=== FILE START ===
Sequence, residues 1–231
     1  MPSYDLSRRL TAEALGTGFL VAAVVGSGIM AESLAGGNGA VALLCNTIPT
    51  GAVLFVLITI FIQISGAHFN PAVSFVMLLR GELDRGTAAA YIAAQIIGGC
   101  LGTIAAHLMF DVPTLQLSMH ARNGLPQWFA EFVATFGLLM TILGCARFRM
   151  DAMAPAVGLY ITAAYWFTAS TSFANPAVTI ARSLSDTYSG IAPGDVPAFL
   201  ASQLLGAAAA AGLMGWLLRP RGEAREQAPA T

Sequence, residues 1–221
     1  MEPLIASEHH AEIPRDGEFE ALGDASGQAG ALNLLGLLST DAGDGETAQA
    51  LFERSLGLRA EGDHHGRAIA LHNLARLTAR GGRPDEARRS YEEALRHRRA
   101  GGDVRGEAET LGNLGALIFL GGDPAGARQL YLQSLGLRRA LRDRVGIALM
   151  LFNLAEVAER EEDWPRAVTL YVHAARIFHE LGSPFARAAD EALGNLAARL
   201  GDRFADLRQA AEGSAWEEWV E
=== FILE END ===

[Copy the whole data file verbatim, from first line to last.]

Sequence, residues 1–231
     1  MPSYDLSRRL TAEALGTGFL VAAVVGSGIM AESLAGGNGA VALLCNTIPT
    51  GAVLFVLITI FIQISGAHFN PAVSFVMLLR GELDRGTAAA YIAAQIIGGC
   101  LGTIAAHLMF DVPTLQLSMH ARNGLPQWFA EFVATFGLLM TILGCARFRM
   151  DAMAPAVGLY ITAAYWFTAS TSFANPAVTI ARSLSDTYSG IAPGDVPAFL
   201  ASQLLGAAAA AGLMGWLLRP RGEAREQAPA T

Sequence, residues 1–221
     1  MEPLIASEHH AEIPRDGEFE ALGDASGQAG ALNLLGLLST DAGDGETAQA
    51  LFERSLGLRA EGDHHGRAIA LHNLARLTAR GGRPDEARRS YEEALRHRRA
   101  GGDVRGEAET LGNLGALIFL GGDPAGARQL YLQSLGLRRA LRDRVGIALM
   151  LFNLAEVAER EEDWPRAVTL YVHAARIFHE LGSPFARAAD EALGNLAARL
   201  GDRFADLRQA AEGSAWEEWV E